ID.me said five states have credited the company with preventing a combined $238 billion in fraud. The Department of Economic Opportunity told the I-Team it estimates ID.me helped to prevent $23 billion in fraud in Florida.
“Yeah you are helping some people, those that are complaining on social media or those that have gotten scammed, you know, I’m not saying that they don’t. But in the grand scheme of things, there are so many more people that are not being helped and you’re just grouping them into a category because you think it may be fraud,” the former employee told the I-Team.
Congress recently submitted a list of questions to ID.me, including asking how many facial scans the company obtained, who was flagged, wait times, and the number of complaints.
An ID.me spokesperson told the I-Team, "Nearly 90 percent of users verify their identity in minutes in the self- service process. For a small number of ID.me users who require assurance through a video chat, average wait times from 4/1 - 4/30 were 23 minutes and average wait times from 5/1 - 5/7 were 19 minutes."
“I think that’s where Congress is trying to put in place some accountability measures,” Dr. Nicol Turner Lee, who leads the Brookings Institution’s artificial intelligence initiative, focusing on equity and fairness in new technologies, said.
Turner Lee told the I-Team it’s “horrifying” to see facial recognition being used in order to access government benefits.
“We’re seeing more governments actually rely on these technologies with one caveat — they’re not fully tested and explainable on a variety of populations. When you look at facial recognition — we’ve got some challenges. People like me who are darker skin in complexion or change their hair are not always identifiable. And so when governments decide to take on these technologies, they’re not always aware of the technical implications and how it actually may play out among everyday people who may not necessarily be represented in the technology,” she said.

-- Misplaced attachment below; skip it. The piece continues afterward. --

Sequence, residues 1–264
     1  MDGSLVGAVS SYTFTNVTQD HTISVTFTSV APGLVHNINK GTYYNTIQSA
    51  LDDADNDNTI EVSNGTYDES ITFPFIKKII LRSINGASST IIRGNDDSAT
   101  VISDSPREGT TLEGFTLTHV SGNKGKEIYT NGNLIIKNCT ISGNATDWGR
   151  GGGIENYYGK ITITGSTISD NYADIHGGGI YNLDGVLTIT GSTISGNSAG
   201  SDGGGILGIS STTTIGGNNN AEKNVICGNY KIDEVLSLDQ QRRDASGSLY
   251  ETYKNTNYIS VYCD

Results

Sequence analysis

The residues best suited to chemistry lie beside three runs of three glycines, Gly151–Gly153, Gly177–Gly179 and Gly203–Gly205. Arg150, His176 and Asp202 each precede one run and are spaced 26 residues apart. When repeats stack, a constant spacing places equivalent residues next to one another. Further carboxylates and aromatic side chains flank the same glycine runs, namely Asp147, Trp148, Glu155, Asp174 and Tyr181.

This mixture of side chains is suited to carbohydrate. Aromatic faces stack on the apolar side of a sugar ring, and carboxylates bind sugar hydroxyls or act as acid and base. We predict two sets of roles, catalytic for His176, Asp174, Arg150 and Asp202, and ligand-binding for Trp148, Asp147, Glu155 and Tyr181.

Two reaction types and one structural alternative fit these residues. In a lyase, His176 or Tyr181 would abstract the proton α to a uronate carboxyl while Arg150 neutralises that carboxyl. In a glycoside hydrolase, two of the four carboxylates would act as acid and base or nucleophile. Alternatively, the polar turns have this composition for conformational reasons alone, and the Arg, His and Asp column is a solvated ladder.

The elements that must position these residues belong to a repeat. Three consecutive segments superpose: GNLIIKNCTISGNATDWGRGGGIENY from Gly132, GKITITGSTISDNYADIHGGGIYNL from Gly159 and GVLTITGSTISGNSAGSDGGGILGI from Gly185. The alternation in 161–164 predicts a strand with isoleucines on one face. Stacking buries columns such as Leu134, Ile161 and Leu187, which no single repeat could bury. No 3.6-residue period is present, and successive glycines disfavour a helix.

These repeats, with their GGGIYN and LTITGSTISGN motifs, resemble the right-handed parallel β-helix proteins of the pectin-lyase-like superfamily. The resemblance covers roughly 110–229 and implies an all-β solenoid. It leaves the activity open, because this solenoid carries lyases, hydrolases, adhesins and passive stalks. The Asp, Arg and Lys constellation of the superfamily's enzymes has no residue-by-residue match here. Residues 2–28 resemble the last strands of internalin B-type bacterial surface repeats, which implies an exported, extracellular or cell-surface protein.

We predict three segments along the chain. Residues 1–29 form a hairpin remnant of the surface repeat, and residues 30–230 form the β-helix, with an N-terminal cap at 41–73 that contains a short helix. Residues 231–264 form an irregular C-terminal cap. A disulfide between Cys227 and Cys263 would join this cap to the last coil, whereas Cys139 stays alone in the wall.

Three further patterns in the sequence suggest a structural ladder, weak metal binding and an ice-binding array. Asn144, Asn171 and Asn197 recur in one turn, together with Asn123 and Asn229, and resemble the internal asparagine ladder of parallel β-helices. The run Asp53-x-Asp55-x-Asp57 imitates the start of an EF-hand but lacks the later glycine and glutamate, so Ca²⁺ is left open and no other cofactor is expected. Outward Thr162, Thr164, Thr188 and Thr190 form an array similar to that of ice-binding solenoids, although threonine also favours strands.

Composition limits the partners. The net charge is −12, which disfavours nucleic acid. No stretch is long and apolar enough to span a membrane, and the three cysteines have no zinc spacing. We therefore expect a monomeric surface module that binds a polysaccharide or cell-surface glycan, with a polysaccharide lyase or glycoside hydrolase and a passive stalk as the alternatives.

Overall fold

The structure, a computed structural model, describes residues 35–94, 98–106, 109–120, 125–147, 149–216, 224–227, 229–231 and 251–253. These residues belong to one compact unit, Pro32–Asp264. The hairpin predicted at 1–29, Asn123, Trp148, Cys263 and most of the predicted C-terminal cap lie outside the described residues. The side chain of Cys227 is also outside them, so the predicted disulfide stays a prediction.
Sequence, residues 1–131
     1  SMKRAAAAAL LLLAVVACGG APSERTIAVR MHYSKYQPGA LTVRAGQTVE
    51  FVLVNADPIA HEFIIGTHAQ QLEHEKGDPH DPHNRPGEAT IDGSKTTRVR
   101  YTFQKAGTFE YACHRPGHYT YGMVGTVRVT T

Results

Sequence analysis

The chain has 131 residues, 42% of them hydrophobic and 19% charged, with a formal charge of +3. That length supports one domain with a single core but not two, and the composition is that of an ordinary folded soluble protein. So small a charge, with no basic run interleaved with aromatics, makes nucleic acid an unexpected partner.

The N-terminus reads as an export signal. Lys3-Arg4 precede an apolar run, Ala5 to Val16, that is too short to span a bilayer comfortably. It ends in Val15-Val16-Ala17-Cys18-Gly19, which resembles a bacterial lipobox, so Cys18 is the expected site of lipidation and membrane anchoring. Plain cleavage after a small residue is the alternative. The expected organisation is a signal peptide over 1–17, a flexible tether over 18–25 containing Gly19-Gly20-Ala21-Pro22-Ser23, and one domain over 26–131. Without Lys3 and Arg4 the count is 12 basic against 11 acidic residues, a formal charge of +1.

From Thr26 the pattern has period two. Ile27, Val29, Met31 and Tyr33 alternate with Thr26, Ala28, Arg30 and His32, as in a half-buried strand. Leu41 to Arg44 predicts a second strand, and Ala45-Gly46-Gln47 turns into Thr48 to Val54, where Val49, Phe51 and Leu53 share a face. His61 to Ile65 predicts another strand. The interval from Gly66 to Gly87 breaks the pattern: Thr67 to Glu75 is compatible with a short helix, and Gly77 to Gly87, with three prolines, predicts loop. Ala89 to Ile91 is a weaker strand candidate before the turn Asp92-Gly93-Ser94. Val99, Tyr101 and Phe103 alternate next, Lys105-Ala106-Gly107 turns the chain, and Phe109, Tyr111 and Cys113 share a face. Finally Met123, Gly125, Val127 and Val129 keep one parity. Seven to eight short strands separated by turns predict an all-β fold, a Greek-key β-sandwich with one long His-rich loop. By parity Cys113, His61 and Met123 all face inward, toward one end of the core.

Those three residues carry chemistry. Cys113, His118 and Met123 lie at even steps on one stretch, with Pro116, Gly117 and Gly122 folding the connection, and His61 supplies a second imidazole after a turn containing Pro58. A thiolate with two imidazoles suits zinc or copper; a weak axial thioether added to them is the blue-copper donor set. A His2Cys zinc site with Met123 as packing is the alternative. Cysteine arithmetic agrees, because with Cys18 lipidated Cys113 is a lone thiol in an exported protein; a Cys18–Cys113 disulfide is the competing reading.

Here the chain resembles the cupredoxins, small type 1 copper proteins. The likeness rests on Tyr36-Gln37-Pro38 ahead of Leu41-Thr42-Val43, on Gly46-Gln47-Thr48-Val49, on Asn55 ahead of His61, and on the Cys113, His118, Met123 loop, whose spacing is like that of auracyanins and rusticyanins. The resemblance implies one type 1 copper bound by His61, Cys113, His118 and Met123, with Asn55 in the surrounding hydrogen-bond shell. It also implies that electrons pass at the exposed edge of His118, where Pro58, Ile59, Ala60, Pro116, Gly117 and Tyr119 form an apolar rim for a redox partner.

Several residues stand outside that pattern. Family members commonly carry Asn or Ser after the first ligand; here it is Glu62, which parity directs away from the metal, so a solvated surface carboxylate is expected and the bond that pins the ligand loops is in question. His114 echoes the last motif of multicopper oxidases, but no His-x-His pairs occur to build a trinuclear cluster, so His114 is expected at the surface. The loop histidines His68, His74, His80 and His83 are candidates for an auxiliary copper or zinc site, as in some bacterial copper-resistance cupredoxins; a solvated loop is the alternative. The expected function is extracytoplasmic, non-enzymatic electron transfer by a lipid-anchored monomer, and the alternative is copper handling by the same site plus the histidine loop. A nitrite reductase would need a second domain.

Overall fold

The IRS dropped requiring facial recognition to verify identities through ID.me after facing public backlash. Meanwhile, Florida has stood by the controversial technology. And there is no option to verify your identity in person in Florida.
- Florida DEO stands by ID.me's controversial facial recognition technology to verify IDs as the IRS drops the requirement
“We’re going to see facial recognition technologies, more broadly, be challenged,” Turner Lee said, pointing to the IRS as an example.
Turner Lee said there is still a “huge” digital divide in the United States.
“Until we are there, we need alternatives,” she said. “Governments should not be afraid to say, when it’s not working, to pull back.”
A group of democratic senators have also asked the Federal Trade Commission to investigate evidence of deceptive statements ID.me made about the type of facial recognition it uses.
ID.me’s former employee the I-Team spoke with said the idea behind the company to verify your identity online in a one-stop shop is “something great.”
“I think that this could be something that could work, later on, it’s just that we all have to come together and make sure that it works and we get what we need out of it as well.”